University of Calgary

Information pipeline for Alberta’s big data

UToday HomeMay 30, 2012

As the amount of information explodes in the worlds of science and business, Alberta is expanding an ultra high-speed research network linking Calgary and Edmonton that is 80,000 times faster than the average household broadband connection.

It will grow a further 10 times in size in the next two years.

“Big data is on the way for researchers and businesses. Alberta is ready,” says Robin Winsor, president and CEO of Cybera, a not-for-profit Alberta organization with a mandate to keep Alberta on the forefront of technological advances concerning the Internet.

The Internet corridor is operated by CANARIE, Canada’s Advanced Research and Innovation Network, which partners in Alberta with Cybera. The network can transmit 440 Gigabits per second. By the time you have finished reading this, it could have downloaded 3,000 high-definition movies. In two years, the corridor network will reach a capacity of 4.4 Terabits per second and connect every major city in Canada.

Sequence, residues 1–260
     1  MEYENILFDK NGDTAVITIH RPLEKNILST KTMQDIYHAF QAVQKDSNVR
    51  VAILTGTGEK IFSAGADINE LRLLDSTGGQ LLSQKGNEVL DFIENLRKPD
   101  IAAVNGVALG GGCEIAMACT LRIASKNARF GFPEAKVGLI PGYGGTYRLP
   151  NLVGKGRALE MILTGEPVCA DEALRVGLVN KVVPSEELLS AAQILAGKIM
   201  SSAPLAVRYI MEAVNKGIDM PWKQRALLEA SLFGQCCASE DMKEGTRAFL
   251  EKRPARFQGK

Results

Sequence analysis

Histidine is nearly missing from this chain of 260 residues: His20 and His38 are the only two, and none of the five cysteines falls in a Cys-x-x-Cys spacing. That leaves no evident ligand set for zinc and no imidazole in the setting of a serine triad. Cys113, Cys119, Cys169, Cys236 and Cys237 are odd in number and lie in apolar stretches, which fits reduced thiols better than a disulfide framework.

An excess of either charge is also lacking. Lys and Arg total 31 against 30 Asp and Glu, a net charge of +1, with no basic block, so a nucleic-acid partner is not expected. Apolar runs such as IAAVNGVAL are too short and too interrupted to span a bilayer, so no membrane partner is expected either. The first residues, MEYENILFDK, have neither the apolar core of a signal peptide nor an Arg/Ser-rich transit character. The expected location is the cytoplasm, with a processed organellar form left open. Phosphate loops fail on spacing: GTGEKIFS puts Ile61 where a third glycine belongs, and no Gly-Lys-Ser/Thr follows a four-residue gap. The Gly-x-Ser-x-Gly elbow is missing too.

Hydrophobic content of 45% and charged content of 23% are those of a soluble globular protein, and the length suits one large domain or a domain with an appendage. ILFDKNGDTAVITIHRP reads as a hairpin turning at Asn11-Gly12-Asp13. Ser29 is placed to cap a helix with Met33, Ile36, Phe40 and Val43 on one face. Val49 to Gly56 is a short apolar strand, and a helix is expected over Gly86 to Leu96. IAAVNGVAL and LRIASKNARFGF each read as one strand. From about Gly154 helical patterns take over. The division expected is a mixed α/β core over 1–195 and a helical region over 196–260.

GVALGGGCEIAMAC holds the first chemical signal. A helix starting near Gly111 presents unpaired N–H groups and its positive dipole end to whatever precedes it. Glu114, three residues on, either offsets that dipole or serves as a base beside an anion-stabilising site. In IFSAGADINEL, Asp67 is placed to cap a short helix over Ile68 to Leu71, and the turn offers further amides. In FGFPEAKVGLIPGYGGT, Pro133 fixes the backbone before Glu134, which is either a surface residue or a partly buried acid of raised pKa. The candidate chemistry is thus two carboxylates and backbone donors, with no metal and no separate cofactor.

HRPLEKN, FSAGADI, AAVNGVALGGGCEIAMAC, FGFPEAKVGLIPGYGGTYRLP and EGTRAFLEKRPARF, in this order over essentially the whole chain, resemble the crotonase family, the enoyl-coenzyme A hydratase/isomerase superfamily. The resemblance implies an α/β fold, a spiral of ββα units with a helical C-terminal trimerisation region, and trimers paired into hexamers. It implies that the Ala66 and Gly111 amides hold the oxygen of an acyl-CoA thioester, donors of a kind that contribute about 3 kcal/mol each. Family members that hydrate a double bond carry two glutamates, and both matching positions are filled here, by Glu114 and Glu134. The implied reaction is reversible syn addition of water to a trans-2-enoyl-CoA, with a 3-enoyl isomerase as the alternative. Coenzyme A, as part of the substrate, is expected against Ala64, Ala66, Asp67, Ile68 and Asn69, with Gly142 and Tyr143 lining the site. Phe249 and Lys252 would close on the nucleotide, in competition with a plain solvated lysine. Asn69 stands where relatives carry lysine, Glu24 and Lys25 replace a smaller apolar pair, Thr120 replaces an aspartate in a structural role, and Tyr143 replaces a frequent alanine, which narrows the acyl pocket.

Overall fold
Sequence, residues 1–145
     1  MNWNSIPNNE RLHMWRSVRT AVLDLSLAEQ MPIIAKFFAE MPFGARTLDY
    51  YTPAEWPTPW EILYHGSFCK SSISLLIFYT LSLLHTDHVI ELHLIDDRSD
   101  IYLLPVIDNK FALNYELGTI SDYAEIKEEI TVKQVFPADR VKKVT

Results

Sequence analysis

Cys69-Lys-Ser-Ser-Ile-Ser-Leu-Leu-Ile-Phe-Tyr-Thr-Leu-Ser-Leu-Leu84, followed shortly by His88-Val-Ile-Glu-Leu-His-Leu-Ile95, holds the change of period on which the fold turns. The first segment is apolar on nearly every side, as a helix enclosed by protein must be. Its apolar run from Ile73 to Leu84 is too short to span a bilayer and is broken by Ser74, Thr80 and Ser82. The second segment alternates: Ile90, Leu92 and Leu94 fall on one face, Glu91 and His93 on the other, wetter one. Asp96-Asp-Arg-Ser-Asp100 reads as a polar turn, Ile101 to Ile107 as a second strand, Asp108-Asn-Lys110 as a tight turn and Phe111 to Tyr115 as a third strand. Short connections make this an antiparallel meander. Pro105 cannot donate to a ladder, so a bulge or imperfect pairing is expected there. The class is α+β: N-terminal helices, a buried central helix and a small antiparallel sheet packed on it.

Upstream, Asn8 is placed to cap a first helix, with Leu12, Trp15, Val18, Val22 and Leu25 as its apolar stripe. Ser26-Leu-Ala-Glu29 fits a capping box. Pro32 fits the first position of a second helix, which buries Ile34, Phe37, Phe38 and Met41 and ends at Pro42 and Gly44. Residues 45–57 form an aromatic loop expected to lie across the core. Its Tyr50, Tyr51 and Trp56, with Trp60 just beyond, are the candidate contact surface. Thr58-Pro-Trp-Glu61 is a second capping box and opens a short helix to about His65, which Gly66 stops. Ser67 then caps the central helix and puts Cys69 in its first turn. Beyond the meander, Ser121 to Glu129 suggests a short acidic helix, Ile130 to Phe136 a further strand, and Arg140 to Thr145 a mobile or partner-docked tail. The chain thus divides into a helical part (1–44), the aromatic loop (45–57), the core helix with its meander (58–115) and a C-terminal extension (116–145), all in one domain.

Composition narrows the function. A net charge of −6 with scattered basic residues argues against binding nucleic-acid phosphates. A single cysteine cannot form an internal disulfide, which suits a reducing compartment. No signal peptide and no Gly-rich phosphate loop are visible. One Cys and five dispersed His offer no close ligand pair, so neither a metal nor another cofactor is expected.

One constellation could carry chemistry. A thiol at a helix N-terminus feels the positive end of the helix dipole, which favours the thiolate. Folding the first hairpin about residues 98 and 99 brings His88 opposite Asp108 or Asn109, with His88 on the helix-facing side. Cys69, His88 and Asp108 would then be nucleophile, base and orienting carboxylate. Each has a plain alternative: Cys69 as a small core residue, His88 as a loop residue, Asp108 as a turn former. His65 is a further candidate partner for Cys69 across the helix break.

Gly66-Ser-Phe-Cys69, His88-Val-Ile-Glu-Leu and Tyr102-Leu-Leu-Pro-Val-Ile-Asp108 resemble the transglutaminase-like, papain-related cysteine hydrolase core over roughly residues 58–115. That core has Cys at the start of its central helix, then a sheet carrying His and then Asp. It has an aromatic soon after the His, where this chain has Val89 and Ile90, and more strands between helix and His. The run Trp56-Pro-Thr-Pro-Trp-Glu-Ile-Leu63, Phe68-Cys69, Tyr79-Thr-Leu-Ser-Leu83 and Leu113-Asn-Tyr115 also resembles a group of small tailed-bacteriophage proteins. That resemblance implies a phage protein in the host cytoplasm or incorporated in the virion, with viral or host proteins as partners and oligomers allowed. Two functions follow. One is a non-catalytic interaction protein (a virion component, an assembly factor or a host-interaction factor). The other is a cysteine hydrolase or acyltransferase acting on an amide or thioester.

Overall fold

At the University of Calgary, the research network is used by universities transmitting data from ‘big science’ projects such as the Large Hadron Collider in Switzerland, or social and business research involving data from mobile devices. The Square Kilometre Array, one of the world’s largest science initiatives, with roots in Calgary, will also rely on the network.

The new fibre-optic corridor is a reconfigurable system, which means the send and receive technology can be upgraded while using existing fibre in the ground. This reduces the need to acquire additional circuits as traffic increases.

“If you stand still in the world of networking, you will be run over,” says Winsor. “This advancement makes it easier for us to continually upgrade Cybera’s high-speed network in Alberta, CyberaNet—which links local researchers and innovators to the CANARIE network and its national resources—as well as to 100 similar advanced networks around the globe.”

According to Google experts, in 2003, humankind had created five exabytes (five billion gigabytes) of digital information since the beginning of time. By 2013, five exabytes will be produced every 10 minutes.